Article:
It’s Faster to Send a Rescue Mission to the International Space Station Than to the South Pole

By ThinkReliability Staff

Yes, you read that correctly. Says Ron Shemenski, a former physician for the station, “We were stuck in a place that’s harder to get to than the International Space Station. We know we’re on our own.” A sick astronaut on the International Space Station can jump in the return vehicle permanently parked at the station and make it back to earth in about 3.5 hours. In contrast, just to get a plane to the Amundsen-Scott South Pole research station takes 5 days – in good weather. Which is not at all the situation right now – at the South Pole it’s the very middle of winter.

This makes for an incredibly risky evacuation. It’s so risky that the scientists at the station expect to stay there from February to October, no matter what. The on-site physician biopsied and administered chemotherapy to herself in 1999. A scientist who suffered a stroke in 2011 had to wait until the next scheduled flight. However, winter medical evacuations have been performed twice before in the history of the station (since 1957), in April 2001 and September 2003. These two evacuations were performed by the same company that will perform this rescue. On June 14, the National Science Foundation (who runs the station) approved the medical evacuation of a scientist there. Two flights left Calgary, Canada that same day.

What makes the evacuation so risky that there is a debate over whether or not to rescue an ailing scientist? There are multiple factors that are considered in the decision. These issues can be developed within a cause-and-effect diagram, presented as a Cause Map. The first step in the process is to determine the impacts to the goals that result from a problem. In this case, we will look at the problem of a scientist at the South Pole becoming ill and requiring evacuation. There is an impact to the patient safety goal due to the delay of medical treatment. There’s also an impact to the safety of the aircrew on the flights used to rescue the scientist. There’s also an impact to property/ equipment and labor/ time due to the risky, complex evacuation process.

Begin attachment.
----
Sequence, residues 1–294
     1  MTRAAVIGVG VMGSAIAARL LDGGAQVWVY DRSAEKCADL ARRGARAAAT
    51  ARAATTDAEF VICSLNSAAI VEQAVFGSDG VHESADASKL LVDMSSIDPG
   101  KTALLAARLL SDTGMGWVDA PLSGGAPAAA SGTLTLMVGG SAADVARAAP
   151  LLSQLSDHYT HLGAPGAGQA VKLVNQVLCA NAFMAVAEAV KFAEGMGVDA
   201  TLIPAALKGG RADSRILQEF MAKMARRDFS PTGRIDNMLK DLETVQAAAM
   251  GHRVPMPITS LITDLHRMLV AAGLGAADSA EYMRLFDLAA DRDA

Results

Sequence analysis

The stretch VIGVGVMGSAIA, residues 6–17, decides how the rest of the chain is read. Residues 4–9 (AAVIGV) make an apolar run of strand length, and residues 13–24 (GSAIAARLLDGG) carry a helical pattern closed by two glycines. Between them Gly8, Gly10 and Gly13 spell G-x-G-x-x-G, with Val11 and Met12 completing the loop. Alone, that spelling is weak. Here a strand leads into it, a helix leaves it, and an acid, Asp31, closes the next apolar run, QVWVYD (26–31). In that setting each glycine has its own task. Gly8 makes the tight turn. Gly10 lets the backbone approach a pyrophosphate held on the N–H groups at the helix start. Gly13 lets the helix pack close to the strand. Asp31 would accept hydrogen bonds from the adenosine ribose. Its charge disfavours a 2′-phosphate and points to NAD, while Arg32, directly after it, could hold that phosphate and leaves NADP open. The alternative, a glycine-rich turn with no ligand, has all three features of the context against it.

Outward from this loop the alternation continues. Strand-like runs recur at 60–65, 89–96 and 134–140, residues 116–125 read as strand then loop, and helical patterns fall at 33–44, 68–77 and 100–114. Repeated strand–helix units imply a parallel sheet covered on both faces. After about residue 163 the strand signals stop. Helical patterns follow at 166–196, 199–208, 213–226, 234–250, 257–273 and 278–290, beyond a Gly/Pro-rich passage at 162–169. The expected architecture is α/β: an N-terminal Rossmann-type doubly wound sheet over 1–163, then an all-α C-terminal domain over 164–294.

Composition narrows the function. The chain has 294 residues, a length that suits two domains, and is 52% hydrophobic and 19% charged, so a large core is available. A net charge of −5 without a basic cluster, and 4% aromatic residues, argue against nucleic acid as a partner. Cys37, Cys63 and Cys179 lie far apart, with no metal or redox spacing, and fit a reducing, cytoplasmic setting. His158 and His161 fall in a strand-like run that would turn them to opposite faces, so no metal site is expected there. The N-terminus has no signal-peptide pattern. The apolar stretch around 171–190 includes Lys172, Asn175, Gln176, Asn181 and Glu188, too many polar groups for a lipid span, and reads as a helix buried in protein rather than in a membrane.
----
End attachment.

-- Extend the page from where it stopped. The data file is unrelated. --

In the analysis (the second step of the process), the impacted goals become the effect in the first cause-and-effect relationships. The delay in medical treatment for the patient (the ailing scientist) results because required treatment is not available at the station, although a physician and physician’s assistant staff the clinic throughout the winter. There’s also a delay for the decision to send an evacuation plane. In this case, a day and a half of deliberation were required. As previously discussed, normally planes do not arrive at the station during the winter. It’s happened only twice previously in the last nearly 60 years. In order to ensure safety, the crew at the station undergoes a rigorous medical screening, to prevent illnesses requiring evacuation as much as possible.

Medical treatment is also delayed by the time required for the plane to arrive at the South Pole, and then for the plane to return the patient to a medical treatment center. (Which center is determined by the nature of the medical issue, which has not been disclosed, but the nearest centers are thousands of miles away.) The trip to the South Pole takes at least 5 days because of the complexity of the process. It also poses a risk to the air crews making the trip. (There are two planes sent in; one for evacuation and one to remain nearby in a search-and-rescue capability.)

The conditions in Antarctica are the cause of many of the difficulties. The sun set at the station in March, and will not rise again until September, so the plane must land without any daylight. It also has to land on packed snow/ ice, which requires skis, as there are no paved runways and the average winter temperature is -76°F (with wind chill it feels like -114°F). At those temperatures, most jet fuel freezes, so only certain planes can make the trip. (This is why they’re coming from Canada.) The planes can only hold 12-13 hours of fuel, and the last leg of the trip (across Antarctica) takes 10 hours (again, in good weather) so after a few hours into the flight, the plane has to either turn back, or they must land at the South Pole, regardless of conditions. Due to the desolation of the area, there’s nowhere else to land or refuel.

Currently one plane has made it to the South Pole, where it will wait for at least ten hours to allow the flight crew to rest and monitor the weather. The second plane remains at the Rothera Research Station, on Adelaide Island on the edge of Antarctica. Check for updates by clicking here. View the one-page downloadable Cause Map by clicking “Download PDF” above.